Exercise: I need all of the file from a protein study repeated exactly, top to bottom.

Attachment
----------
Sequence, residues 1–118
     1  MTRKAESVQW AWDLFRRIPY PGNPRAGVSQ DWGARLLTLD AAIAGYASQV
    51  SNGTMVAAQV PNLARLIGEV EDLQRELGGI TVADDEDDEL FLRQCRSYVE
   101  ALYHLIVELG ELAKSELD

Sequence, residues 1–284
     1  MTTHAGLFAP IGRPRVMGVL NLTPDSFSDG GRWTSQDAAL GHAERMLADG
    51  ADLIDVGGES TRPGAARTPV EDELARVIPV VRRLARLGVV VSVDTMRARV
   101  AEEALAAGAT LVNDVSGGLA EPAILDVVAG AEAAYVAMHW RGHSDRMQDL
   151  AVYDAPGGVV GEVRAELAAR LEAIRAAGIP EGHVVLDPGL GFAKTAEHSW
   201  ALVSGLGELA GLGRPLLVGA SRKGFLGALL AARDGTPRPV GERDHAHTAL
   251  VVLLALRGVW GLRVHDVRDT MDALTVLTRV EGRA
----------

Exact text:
Sequence, residues 1–118
     1  MTRKAESVQW AWDLFRRIPY PGNPRAGVSQ DWGARLLTLD AAIAGYASQV
    51  SNGTMVAAQV PNLARLIGEV EDLQRELGGI TVADDEDDEL FLRQCRSYVE
   101  ALYHLIVELG ELAKSELD

Sequence, residues 1–284
     1  MTTHAGLFAP IGRPRVMGVL NLTPDSFSDG GRWTSQDAAL GHAERMLADG
    51  ADLIDVGGES TRPGAARTPV EDELARVIPV VRRLARLGVV VSVDTMRARV
   101  AEEALAAGAT LVNDVSGGLA EPAILDVVAG AEAAYVAMHW RGHSDRMQDL
   151  AVYDAPGGVV GEVRAELAAR LEAIRAAGIP EGHVVLDPGL GFAKTAEHSW
   201  ALVSGLGELA GLGRPLLVGA SRKGFLGALL AARDGTPRPV GERDHAHTAL
   251  VVLLALRGVW GLRVHDVRDT MDALTVLTRV EGRA